Open letter to President Obama (Part 326)

(This letter was emailed to White House on 11-21-11.)

President Obama c/o The White House
1600 Pennsylvania Avenue NW
Washington, DC 20500

Dear Mr. President,

I know that you receive 20,000 letters a day and that you actually read 10 of them every day. I really do respect you for trying to get a pulse on what is going on out here.

We got to balance the budget and get entitlements under control.

Federal Spending by the Numbers – 2012

October 16, 2012


The federal government has closed out its fourth straight year of trillion-dollar-plus deficits, and the imperative to rein in spending has never been greater. Because all government spending gets paid for through either taxes or borrowing—both of which burden the economy—spending reduction is an essential condition for promoting economic growth.

As this 2012 edition of Federal Spending by the Numbers shows, total federal spending for fiscal year 2012[1] reached $3.6 trillion, or 22.9 percent the size of the entire U.S. economy. In the past 20 years, federal outlays have grown 71 percent faster than inflation. The average American household’s share of this spending is $29,691, roughly two-thirds of median household income. This relentless growth is projected to continue, pushing total government outlays to $5.5 trillion a decade from now, and to about 36 percent of gross domestic product (GDP) in the next 25 years.

Federal entitlements are driving this spending growth, having increased from less than half of total federal outlays just 20 years ago to nearly 62 percent in 2012. Three major programs—Medicare, Medicaid, and Social Security—dominate in size and growth, soaking up about 44 percent of the budget. All three programs are growing faster than inflation, and—when joined with $1.7 trillion in new Obamacare spending—will drain about 18.5 percent of the nation’s total economic output by mid-century. Because that is about the historical annual average of total federal tax revenue, it means all other government programs—national defense, veterans health care, transportation, federal law enforcement, and others—would effectively have to be financed on borrowed money.

Other entitlements continue growing as well. Anti-poverty programs have surged by 49 percent in just the past decade, even after adjusting for inflation. Spending for food stamps alone has more than tripled since 2002. Health programs, including Medicaid, have increased by 38 percent, and housing assistance by 48 percent.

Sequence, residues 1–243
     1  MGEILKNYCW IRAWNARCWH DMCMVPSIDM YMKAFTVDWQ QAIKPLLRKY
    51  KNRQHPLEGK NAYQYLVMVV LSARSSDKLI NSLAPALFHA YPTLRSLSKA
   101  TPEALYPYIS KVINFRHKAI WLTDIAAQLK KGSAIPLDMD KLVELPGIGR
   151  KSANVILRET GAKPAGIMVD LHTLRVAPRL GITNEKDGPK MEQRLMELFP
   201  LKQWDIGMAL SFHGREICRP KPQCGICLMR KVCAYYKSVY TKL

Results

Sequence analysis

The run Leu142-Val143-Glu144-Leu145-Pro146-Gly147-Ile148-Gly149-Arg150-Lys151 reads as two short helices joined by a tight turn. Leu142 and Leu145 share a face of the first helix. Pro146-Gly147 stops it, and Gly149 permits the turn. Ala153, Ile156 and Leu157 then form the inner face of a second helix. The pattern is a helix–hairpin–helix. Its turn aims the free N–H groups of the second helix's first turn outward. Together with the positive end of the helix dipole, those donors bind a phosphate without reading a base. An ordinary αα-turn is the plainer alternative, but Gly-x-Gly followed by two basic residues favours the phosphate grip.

Although these entitlement programs have dominated the government’s spending growth, discretionary spending—spending authorized by annual appropriations bills—also has grown by 40 percent more than inflation, to $1.289 trillion. Spending on non-defense programs has grown 29 percent. These outlays peaked in 2010 due to the stimulus bill, but remain 7 percent higher than their pre-stimulus level of 2008.

The result of this increasing deficit spending—which is financed by borrowing—is growing debt. If current policies continue, debt held by the public will approach 90 percent of total economic output by 2022, and will be twice the size of the entire economy 25 years from now.

There is still time to change course—but that time is growing short. The Heritage Foundation’s budget plan, Saving the American Dream,[2] reforms entitlements to make them affordable and sustainable, reins in other spending while adequately funding defense, and balances the budget in 10 years. The budget can be put on a stable, sustainable course if policymakers act soon.

Overall Budget Trends

  • Over the past 20 years, federal spending grew 71 percent faster than inflation.
  • Entitlement spending more than doubled over the past 20 years, growing by 110 percent (after adjusting for inflation). Discretionary spending grew by 60 percent.
  • Deficits have pushed up the debt each year since 2002 as federal spending exceeded revenue. Fiscal year 2012 marked the fourth consecutive year of $1 trillion deficits.
  • Although debt held by the public surged from 33.6 percent of gross domestic product in 2002 to 73 percent in 2012, net interest costs have held below 2 percent of GDP because interest rates have fallen to all-time lows.
  • In 1962, defense spending was nearly half the total federal budget (49 percent); Social Security and other mandatory programs were less than one-third of the budget (31 percent). Two major entitlement programs, Medicaid and Medicare, were signed into law by President Johnson in 1965.
  • In 2012 entitlements were nearly 62 percent of total spending, while defense dropped to less than one-fifth (18.7 percent) of the budget.

Overall Spending Trends

  • Federal spending per household reached $29,691 in 2012, a 29 percent increase (adjusted for inflation) from $23,010 in 2002. The government collected $20,293 per household in taxes in 2012.
  • The excess of spending over taxes produced a budget deficit of $9,398 per household in 2012.
  • For every $6.80 the federal government collected in taxes in 2012, it spent $10. Consequently, $3.20 out of every $10 spent was borrowed.
  • Major entitlements (Social Security, Medicare, Medicaid, Children’s Health Insurance Program, Obamacare) will increase from 44 percent of federal spending in 2012 to 57 percent in 2022.
  • Entitlement programs and net interest costs will reach 67 percent of federal spending in 2022, crowding out spending on national defense and all other programs.

Where the Money Goes

  • Total federal spending has grown 43 percent faster than inflation in just the past 10 years.
  • Some of the largest growth in federal spending has been in K–12 education, a state and local priority.
  • Food stamps and other nutrition programs also have more than doubled in the past 10 years. Food stamp participation rates also more than doubled, growing from 19.096 million recipients in 2002 to 44.709 million by 2011.